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In musical notation, the Italian word staccato (literally detached, plural staccatos or staccati) indicates that notes are sounded in a detached and distinctly separate manner, with silence making up the latter part of the time allocated to each note. The rhythm is not affected. Notes identified as staccato should be played or sung abruptly and short. They are usually notated by a dot over the head of the note when the stem is downward, or by a dot below the head of the note when the stem is upward.

Sometimes in the Classical period (the piano works of Mozart, for example) some sort of an accent mark might be used instead, which leads to uncertainty as to what the composer intended. Accentuation and staccato effects at times go hand in hand, but scarcely so in most modern works.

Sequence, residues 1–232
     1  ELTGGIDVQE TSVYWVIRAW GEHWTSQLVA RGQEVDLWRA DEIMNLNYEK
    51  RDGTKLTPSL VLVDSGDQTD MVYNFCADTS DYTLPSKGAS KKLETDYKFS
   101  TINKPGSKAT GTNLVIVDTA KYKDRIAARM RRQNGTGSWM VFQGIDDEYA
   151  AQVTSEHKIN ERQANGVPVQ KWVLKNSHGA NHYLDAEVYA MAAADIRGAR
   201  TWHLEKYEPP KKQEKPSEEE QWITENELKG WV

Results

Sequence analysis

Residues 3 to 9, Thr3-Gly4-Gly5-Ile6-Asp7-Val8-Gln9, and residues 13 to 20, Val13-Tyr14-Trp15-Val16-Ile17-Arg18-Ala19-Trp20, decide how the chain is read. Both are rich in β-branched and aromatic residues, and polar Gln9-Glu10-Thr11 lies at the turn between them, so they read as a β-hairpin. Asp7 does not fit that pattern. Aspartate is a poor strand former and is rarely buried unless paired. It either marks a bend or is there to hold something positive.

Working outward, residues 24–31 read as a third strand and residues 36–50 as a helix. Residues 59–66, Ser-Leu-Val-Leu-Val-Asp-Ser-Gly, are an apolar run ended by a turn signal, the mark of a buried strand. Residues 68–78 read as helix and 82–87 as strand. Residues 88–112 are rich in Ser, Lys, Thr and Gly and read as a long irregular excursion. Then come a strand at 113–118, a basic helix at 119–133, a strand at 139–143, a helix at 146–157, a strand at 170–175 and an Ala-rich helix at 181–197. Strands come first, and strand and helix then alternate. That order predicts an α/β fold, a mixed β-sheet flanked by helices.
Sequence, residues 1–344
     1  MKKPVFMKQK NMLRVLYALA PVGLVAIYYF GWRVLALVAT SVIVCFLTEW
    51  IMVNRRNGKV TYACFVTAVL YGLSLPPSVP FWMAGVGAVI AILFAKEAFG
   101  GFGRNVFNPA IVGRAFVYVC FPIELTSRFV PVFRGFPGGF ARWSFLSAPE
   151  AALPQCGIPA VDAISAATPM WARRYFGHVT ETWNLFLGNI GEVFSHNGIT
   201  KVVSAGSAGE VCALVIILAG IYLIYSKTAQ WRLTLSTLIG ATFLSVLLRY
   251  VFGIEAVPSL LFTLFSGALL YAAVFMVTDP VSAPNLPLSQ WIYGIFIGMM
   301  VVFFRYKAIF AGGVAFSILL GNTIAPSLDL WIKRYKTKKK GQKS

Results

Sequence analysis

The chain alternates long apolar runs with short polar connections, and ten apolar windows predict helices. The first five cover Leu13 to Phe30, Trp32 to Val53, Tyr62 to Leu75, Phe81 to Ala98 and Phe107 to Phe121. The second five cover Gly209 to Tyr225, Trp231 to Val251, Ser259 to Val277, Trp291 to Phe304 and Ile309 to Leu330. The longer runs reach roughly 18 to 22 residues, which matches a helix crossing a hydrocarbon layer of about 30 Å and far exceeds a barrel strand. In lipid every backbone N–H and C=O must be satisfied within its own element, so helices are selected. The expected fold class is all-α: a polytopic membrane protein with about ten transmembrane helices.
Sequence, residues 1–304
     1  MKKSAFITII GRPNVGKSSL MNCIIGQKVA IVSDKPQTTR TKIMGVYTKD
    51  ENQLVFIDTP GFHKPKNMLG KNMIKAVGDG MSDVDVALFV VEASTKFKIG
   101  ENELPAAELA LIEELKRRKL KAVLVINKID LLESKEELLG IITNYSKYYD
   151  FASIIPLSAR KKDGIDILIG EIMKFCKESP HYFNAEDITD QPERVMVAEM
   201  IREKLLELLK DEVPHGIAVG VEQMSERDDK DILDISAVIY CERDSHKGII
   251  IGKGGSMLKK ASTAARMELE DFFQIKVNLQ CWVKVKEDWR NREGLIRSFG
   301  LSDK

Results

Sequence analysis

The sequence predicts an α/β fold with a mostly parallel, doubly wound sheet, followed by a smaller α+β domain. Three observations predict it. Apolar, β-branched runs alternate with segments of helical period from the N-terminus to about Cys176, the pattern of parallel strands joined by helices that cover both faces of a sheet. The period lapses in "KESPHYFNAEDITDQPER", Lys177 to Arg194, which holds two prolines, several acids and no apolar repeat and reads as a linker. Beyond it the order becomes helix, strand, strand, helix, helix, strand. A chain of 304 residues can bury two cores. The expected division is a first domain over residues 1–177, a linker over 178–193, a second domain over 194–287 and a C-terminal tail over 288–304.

Playing staccato is the opposite of playing legato. A staccato passage for strings does not necessarily have to be pizzicato, though pizzicato itself might be thought of as a kind of staccato effect. For example, Leroy Anderson's Jazz Legato/Jazz Pizzicato.

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